damping off

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  • noun

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a plant disease caused by a fungus

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References in periodicals archive ?
Recent research work was conducted to map and locate the disease incidence, prevalence and mortality rate among the chili plants infected with damping off.
The pathogen Pythium was isolated from damping off affected cucumber plants collected from major cucumber growing areas of Coimbatore, Erode and Madurai districts of Tamil Nadu.
Similarly disease symptoms from seedling wilt (damping off) to seedling rot, wilt and root rot were recorded.
"When reusing soils, there can be a problem with damping off and other organisms, such as salmonella," Geisel says.
It targets the most destructive species of nematodes plus the highly-damaging plant diseases Fusarium root rot, damping off, southern blight and Verticillium wilt.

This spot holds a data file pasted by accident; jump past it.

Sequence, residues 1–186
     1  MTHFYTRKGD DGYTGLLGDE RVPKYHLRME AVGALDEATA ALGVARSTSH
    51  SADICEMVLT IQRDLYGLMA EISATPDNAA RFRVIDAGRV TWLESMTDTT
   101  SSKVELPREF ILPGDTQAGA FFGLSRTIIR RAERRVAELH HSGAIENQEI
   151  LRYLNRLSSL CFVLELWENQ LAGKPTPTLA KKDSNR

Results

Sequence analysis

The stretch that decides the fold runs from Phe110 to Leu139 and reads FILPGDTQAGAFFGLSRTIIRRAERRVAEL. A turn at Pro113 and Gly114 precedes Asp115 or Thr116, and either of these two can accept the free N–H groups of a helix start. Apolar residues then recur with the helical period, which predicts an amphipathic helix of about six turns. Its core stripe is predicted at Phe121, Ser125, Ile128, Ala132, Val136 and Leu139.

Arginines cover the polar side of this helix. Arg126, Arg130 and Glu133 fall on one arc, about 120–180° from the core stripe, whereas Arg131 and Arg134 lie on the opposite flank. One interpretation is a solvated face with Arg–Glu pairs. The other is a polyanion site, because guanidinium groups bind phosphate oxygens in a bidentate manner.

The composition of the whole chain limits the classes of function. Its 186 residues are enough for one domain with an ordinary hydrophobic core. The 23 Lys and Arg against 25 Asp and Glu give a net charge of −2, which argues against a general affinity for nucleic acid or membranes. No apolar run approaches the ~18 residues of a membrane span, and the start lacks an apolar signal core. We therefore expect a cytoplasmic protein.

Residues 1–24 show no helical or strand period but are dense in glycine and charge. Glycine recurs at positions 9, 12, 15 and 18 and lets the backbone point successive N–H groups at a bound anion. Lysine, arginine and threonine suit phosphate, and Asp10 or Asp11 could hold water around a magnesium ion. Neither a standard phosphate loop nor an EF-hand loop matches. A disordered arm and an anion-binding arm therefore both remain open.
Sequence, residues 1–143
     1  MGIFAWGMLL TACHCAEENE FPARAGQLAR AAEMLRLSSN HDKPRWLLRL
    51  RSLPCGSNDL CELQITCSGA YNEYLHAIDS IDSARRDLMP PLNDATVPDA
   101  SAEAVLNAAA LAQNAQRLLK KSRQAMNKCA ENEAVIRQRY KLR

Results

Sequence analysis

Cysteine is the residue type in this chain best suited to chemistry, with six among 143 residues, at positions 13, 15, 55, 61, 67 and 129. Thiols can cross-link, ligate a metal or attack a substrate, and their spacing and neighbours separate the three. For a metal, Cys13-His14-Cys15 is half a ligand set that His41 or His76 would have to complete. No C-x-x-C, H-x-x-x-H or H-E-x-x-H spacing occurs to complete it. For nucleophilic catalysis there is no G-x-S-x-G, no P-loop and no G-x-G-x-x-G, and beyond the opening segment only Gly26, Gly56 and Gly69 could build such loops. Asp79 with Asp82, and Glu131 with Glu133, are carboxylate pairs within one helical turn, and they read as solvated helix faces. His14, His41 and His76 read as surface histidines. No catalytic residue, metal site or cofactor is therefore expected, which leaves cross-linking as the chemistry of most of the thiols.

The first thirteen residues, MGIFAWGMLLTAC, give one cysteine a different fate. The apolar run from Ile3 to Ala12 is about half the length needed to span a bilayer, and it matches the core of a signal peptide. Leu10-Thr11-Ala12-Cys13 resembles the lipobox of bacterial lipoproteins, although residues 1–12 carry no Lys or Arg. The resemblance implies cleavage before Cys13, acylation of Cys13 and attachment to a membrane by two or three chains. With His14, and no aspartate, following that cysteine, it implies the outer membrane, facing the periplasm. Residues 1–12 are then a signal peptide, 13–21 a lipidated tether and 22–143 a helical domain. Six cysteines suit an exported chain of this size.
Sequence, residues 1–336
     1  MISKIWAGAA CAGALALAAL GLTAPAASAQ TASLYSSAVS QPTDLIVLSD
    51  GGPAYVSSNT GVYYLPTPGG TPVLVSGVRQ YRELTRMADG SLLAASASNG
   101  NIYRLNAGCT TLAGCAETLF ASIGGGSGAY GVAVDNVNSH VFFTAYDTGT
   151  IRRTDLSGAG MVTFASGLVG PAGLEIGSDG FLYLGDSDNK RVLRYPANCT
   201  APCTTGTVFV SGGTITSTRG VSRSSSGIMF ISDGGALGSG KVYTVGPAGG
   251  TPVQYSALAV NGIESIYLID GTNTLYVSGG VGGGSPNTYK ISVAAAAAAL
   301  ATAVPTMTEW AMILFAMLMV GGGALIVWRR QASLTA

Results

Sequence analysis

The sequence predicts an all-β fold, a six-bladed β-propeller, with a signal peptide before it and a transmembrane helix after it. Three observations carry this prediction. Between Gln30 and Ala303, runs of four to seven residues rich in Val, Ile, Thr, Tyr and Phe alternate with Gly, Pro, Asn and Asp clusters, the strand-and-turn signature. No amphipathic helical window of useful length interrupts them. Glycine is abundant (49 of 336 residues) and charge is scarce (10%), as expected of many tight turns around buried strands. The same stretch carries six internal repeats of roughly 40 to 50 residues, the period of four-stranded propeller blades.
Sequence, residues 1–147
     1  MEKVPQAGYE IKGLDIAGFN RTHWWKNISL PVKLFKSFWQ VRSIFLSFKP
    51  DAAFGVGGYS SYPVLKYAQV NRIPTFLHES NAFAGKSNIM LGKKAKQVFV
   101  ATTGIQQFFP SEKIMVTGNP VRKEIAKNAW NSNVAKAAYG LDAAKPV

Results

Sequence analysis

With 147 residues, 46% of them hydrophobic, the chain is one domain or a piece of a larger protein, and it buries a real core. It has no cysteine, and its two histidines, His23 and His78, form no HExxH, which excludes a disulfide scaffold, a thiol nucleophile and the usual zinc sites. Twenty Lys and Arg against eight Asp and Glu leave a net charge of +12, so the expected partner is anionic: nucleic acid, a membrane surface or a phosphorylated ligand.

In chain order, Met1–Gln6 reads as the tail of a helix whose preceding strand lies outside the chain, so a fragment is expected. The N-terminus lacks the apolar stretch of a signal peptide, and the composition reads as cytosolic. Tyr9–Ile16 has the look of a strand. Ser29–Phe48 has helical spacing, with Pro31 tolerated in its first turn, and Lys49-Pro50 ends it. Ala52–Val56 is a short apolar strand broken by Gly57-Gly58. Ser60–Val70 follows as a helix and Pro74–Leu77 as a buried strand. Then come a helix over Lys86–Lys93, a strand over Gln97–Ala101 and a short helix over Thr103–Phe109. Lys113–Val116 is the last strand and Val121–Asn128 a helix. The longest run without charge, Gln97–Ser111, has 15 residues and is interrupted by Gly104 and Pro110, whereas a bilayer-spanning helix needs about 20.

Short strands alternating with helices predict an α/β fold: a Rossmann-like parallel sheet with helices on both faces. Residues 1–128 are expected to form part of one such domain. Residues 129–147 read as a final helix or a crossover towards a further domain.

In Kenya, Rhizoctonia damping off is a serious disease of tomato and other vegetables such as kales, beans, okra, egg plant and flowers with up to 30% yield loss.
Overcrowding leads to weak leggy seedlings and damping off, which spreads.
Use a good-quality, fine-textured, sterile soil-less mix for germinating indoor seeds, to avoid damping off.
This will strengthen the seedlings and help prevent damping off. Damping off is a fungus that can kill your seedlings almost overnight.
Damping off can be a problem when growing lily seedlings.
Muller]}, spring melting out [caused by Drechslera poae (Baudys) Shoem], seedling damping off (caused by Pythium, Rhizoctonia, and Fusarium spp.), and chinch bug (Blissus leucopterus hirtus Montandon).
Seedlings started indoors in pots are especially susceptible to a fungus disease called damping off, which causes young plants to suddenly wilt and die.
Use a fan to keep the air circulating in the greenhouse to prevent damping off and botrytis diseases.
For the other half, damping off was the most prevalent cause of mortality, followed by herbivory [ILLUSTRATION FOR FIGURE 2 OMITTED].